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Walther, Kelcie [1], Kennedy, Peter [2].

Role of Corylus americana (American hazel) as a Mycorrhizal Hub in Minnesota Forests.

The study of ectomycorrhizal symbioses has been an area of significant research progress in the last three decades. As the study of ectomycorrhizal symbioses has expanded, evidence has shown that ectomycorrhiza often link the roots of multiple species, effectively forming mycorrhizal networks which cover large expanses underground. While much research has been done on the networks formed between like canopies (i.e. large canopy trees with other large canopy trees), little data exists about mycorrhizal networks formed between overstory trees and understory plants. One such understory plant is the shrub Corylus americana (American hazel). Despite being widely distributed across midwestern and eastern United States and Canada, the ectomycorrhizal (ECM) fungi associated with Corylus americana are relatively poorly understood. Characterizing the structure of the ECM communities associated with Corylus and establishing whether or not networks are being formed with the nearby large canopy pines (Pinus) and oaks (Quercus) will help scientists to better understand the composition the ECM communities in Minnesota forests, and the relationship between shrubs and canopy trees. In order to characterize the structure of the ECM fungal communities associated with Corylus, we will sample Corylus roots at two field sites in Minnesota, USA. The sites have varying features that will allow us to assess the extent to which Corylus ECM fungal communities are influenced by co-occurring host trees. Specifically, we will sample Corylus roots in isolated stands (i.e. growing far from other trees), Corylus growing under Pinus and Corylus growing under Quercus. Root tip samples will be taken from each site and analyzed using Illumina high throughput sequencing (HTS) of the ITS ribosomal RNA gene region. We expect that Corylus ECM fungal communities will differ among stands, with the highest number of shared ECM fungi in stands with the two angiosperm hosts, Corylus and Quercus. Because Corylus is often found as an early succession plant in post-disturbance landscapes, understanding the ECM associations of Corylus could help future understanding of how mycorrhizal associations play into post-disturbance dynamics in temperate upland forests.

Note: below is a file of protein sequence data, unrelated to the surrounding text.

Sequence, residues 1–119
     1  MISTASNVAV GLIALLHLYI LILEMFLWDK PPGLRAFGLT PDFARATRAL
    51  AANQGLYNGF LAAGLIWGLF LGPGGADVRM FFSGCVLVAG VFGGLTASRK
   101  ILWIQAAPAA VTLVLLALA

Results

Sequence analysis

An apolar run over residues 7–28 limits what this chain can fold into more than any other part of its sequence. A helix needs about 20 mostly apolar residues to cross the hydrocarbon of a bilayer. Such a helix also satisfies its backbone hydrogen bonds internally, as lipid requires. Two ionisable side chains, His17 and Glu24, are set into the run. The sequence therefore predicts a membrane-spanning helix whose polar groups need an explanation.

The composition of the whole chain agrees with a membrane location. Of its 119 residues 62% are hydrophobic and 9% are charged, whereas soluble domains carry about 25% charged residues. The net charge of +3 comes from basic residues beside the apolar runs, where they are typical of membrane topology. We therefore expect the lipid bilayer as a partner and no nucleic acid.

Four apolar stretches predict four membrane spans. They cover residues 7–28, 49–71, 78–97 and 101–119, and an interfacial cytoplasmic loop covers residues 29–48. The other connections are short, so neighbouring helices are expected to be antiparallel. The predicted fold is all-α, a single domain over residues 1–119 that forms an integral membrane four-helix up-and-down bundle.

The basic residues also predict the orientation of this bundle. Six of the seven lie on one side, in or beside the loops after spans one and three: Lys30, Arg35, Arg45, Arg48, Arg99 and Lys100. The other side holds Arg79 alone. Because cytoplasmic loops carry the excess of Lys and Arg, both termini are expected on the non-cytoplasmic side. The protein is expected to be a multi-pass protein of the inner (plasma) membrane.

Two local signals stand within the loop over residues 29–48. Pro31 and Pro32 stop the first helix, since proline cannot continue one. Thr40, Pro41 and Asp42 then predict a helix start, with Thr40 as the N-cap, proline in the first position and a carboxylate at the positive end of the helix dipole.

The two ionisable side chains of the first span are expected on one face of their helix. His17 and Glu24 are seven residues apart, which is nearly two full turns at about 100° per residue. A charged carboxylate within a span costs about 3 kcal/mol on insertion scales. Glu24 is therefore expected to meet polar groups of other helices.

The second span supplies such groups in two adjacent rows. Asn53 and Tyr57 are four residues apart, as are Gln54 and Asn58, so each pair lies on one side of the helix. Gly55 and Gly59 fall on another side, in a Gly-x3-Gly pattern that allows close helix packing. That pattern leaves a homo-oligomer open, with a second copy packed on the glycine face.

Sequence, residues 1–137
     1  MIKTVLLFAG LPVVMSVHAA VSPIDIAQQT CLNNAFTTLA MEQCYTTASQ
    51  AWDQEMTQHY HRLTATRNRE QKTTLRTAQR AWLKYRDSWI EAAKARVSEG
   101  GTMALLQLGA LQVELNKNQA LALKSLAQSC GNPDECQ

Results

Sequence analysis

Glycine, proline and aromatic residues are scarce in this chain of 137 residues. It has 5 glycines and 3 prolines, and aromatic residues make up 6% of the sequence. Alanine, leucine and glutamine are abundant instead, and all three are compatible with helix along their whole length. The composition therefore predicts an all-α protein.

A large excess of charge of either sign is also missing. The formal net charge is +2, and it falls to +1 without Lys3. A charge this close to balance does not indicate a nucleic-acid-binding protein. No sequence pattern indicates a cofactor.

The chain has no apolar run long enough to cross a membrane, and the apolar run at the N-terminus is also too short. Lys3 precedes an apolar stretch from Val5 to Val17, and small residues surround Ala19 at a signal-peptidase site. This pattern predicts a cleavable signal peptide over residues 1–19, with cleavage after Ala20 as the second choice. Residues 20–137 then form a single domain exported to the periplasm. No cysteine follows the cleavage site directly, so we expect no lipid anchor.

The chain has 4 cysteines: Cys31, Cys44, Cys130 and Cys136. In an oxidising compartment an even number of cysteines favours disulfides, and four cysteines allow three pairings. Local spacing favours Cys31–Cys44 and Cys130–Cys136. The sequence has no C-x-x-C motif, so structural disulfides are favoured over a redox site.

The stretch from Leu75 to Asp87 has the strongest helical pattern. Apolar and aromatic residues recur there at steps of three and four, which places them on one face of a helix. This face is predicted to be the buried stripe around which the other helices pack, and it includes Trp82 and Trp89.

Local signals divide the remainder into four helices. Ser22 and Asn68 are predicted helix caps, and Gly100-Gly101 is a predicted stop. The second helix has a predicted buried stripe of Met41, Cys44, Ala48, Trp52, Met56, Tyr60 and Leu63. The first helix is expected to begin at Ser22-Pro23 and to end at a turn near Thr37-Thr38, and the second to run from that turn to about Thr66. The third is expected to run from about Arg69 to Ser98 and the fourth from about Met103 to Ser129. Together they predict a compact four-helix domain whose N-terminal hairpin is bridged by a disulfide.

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1 - Columbia University, Ecology, Environmental Biology and Evolutionary Biology, 1190 Amsterdam Ave, New York, NY, 10027, United States
2 - University of Minnesota, Plant and Microbial Biology, 140 Gortner Laboratory, 1479 Gortner Avenue, St. Paul, MN, 55108, USA

Mycorrhizal networks
common mycorrhizal networks

Presentation Type: Poster
Session: MYP3, Mycology Posters III
Location: /
Date: Wednesday, July 21st, 2021
Time: 5:00 PM(EDT)
Number: MYP3009
Abstract ID:1138
Candidate for Awards:MSA Best Poster Presentation Award by an Undergraduate Student

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